Unlike armed resistance movements in other countries, the Niger Delta gangs are not one organization operating under a common leadership with unified ideology. There is no central chain of command like the IRA had or clearly defined political ideal. Rather the gangs are a loose eclectic mix of several aggrieved armed factions like the Movement for the Emancipation of the Niger Delta (MEND) and the Niger Delta People’s Volunteer Force. The gangs’ modus operandi is reminiscent of other armed groups and guerrilla armies around the world. They operate and place themselves in the midst of heavily populated civilian areas, making it difficult to distinguish fighter and civilian. They also take advantage of their superior knowledge of dangerous and inhospitable home terrain.

Their shadowy nature is an asset and a hindrance. While their mystique makes their detection and suppression difficult for the Nigerian security forces, it has also made them faceless and prevented them from making political progress. They lack a single articulate spokesperson who can speak for their cause such as a Gerry Adams or Yasser Arafat. The multi-headed militant hydra is not easy for outsiders to understand. This is where they are in dangerous territory.

The gangs’ activities has brought the issue of the Niger Delta to the world’s attention and has made it a major political issue within Nigeria. However while the public are vaguely aware of the Niger Delta issue, the gangs have been abysmal at articulating their demands. The Delta militants have failed miserably to turn publicity gains into political gains. Several years into their campaign, the derivation formula remains pegged at 13% and there not nearer to achieving any of their objectives.

Despite the disruption to oil supplies, the Delta violence benefits the government in a financially perverse way. Continued attacks on oil installations by the militants disrupts the global oil market and drives prices higher. Higher oil prices equals more money for the federal government. The federal government is therefore able to sustain a localized low intensity conflict for years without an existential threat to Nigeria or its control over other areas of the country.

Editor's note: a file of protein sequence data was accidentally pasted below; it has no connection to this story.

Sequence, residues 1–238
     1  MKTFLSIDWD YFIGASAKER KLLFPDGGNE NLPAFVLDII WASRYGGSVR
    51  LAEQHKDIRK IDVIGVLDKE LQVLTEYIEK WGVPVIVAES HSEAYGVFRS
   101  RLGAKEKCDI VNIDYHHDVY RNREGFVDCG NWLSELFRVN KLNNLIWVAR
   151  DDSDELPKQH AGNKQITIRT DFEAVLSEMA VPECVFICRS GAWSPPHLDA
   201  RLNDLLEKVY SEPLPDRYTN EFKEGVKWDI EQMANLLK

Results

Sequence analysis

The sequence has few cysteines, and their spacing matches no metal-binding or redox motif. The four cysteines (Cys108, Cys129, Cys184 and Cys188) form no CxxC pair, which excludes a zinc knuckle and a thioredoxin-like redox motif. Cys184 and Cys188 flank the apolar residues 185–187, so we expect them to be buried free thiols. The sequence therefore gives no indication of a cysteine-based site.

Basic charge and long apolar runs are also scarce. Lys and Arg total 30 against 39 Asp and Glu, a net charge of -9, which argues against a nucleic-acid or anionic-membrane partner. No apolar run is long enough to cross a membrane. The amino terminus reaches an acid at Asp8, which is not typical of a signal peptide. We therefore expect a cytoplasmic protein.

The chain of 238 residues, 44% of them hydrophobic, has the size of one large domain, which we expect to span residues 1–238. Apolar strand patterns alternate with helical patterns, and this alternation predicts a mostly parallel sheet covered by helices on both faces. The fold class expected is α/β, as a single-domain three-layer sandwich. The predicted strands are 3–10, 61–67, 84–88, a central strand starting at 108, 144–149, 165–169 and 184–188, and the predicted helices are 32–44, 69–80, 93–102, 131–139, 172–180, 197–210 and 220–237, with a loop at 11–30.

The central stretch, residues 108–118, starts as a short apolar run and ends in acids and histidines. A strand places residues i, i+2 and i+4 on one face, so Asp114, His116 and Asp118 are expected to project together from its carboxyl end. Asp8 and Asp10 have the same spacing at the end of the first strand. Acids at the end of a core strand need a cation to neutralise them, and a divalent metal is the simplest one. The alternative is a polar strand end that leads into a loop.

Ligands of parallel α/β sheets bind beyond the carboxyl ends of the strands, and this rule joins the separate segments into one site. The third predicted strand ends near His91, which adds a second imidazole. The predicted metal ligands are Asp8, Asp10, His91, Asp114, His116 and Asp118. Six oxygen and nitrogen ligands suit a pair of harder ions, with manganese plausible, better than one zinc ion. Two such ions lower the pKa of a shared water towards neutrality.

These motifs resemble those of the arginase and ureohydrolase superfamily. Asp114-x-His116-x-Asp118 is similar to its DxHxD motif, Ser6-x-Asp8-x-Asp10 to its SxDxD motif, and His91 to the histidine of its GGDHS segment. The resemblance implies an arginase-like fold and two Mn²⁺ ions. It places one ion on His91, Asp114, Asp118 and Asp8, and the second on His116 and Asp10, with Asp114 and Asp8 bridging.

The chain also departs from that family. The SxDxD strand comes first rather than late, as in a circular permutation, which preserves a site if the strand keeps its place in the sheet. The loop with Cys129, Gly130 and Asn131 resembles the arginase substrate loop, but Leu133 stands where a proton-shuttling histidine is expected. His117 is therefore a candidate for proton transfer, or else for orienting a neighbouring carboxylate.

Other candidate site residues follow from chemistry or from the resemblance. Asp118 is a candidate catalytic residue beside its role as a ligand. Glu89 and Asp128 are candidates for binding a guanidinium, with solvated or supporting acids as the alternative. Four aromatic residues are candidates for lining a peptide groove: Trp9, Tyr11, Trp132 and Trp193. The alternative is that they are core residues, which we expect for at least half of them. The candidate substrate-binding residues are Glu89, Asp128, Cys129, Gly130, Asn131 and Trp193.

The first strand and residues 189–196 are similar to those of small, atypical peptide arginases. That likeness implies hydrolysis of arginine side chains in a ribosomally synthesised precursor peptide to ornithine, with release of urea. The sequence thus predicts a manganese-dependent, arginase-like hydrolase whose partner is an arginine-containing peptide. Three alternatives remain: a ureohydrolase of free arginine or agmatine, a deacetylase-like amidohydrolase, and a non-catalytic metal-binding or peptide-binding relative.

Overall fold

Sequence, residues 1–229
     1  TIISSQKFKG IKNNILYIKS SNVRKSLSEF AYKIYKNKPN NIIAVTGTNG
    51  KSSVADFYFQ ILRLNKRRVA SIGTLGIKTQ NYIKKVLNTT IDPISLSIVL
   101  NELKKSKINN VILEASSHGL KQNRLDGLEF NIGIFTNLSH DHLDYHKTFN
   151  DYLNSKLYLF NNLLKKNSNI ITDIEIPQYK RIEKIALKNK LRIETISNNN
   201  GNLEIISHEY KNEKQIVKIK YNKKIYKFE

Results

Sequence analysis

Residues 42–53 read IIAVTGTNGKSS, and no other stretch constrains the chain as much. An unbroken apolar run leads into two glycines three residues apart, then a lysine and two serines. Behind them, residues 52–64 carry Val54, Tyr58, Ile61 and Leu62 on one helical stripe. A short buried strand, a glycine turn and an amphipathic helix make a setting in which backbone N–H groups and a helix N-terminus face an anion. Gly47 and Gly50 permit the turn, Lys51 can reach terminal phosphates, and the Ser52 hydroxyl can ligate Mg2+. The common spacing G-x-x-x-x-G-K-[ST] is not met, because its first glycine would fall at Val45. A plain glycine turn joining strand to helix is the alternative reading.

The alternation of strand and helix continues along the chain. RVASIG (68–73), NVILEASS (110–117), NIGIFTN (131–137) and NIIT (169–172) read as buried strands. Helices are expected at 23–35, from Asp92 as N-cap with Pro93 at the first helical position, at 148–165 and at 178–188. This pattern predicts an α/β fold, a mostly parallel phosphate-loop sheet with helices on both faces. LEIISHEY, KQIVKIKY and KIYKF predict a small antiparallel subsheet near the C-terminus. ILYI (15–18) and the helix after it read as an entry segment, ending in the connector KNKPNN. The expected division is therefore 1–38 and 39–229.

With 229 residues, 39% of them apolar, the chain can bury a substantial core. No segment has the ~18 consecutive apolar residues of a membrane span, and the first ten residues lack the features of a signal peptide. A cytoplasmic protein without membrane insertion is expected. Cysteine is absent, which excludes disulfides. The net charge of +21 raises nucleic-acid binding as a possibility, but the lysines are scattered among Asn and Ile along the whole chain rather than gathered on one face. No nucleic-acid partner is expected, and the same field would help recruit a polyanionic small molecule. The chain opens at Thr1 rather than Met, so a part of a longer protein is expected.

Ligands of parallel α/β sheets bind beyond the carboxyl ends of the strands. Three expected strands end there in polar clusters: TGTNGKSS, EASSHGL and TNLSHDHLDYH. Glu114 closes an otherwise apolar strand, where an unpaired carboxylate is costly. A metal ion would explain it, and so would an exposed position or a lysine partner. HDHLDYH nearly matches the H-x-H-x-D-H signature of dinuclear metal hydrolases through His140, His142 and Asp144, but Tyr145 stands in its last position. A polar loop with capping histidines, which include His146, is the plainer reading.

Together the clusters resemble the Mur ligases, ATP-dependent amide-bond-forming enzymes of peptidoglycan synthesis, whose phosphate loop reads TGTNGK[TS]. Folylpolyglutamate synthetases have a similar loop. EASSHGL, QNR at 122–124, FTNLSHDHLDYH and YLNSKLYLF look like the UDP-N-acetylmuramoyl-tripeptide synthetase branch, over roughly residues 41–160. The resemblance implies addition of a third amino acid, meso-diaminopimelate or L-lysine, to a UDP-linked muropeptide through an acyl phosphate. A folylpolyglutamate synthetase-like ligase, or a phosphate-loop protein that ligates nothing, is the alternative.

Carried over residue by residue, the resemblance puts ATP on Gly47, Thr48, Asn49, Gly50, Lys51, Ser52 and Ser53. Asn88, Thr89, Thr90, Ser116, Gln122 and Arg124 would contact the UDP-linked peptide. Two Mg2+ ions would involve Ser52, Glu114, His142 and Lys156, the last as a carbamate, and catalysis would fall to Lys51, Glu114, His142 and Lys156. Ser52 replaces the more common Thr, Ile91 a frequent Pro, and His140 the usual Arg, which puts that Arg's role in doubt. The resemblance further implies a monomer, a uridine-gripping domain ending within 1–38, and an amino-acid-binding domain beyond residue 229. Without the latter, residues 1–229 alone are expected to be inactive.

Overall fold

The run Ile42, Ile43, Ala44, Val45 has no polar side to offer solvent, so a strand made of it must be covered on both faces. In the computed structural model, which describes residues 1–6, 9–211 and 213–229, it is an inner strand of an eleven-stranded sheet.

The hidden danger is that if the status quo does not change, the gangs will be tempted to become increasingly daring and amplify their violence. This could emerge by way of a spectacular mass casualty attack or by extending their operations to non-riverine areas and major population centres like Lagos and Abuja. Should they do so, the Nigerian army’s hands are tied. If they retaliate with massive force, they will incur heavy civilian casualties and exacerbate the crisis. The IRA and Palestinian groups used the intensification of violence as a political tool. Originally operating almost exclusively within Northern Ireland, the IRA took its bombing campaign to the streets of England in cities like Birmingham and London and in two separate failed attacks, nearly succeeded in assassinating the entire leadership of the English government. The Palestinians of Hamas and the al-Aqsa Martyrs Brigades similarly decided to take their struggle from the alley ways of the occupied territories of the West Bank and Gaza into the streets of Israel . They carried out suicide bombings inside Israel as a way of bringing their grievances to the doorstep of every single Israeli.

The militants’ cause has also been hijacked by criminal gangs who kidnap the wives and infant children of civilian officials. Being tainted and associated with such elements makes the militants appear like bandits. The militants quite simply do not have enough firepower, numbers or political stroke to achieve their demands by armed struggle alone. Now that they have the federal government’s attention, they need to make the evolution that the ANC, IRA, and PLO made from armed rebels to political parties. The militants require a political wing and a skilled orator to present a human face for their struggle. If they rely on brawn alone…they will disappear like Boro and Saro-Wiwa.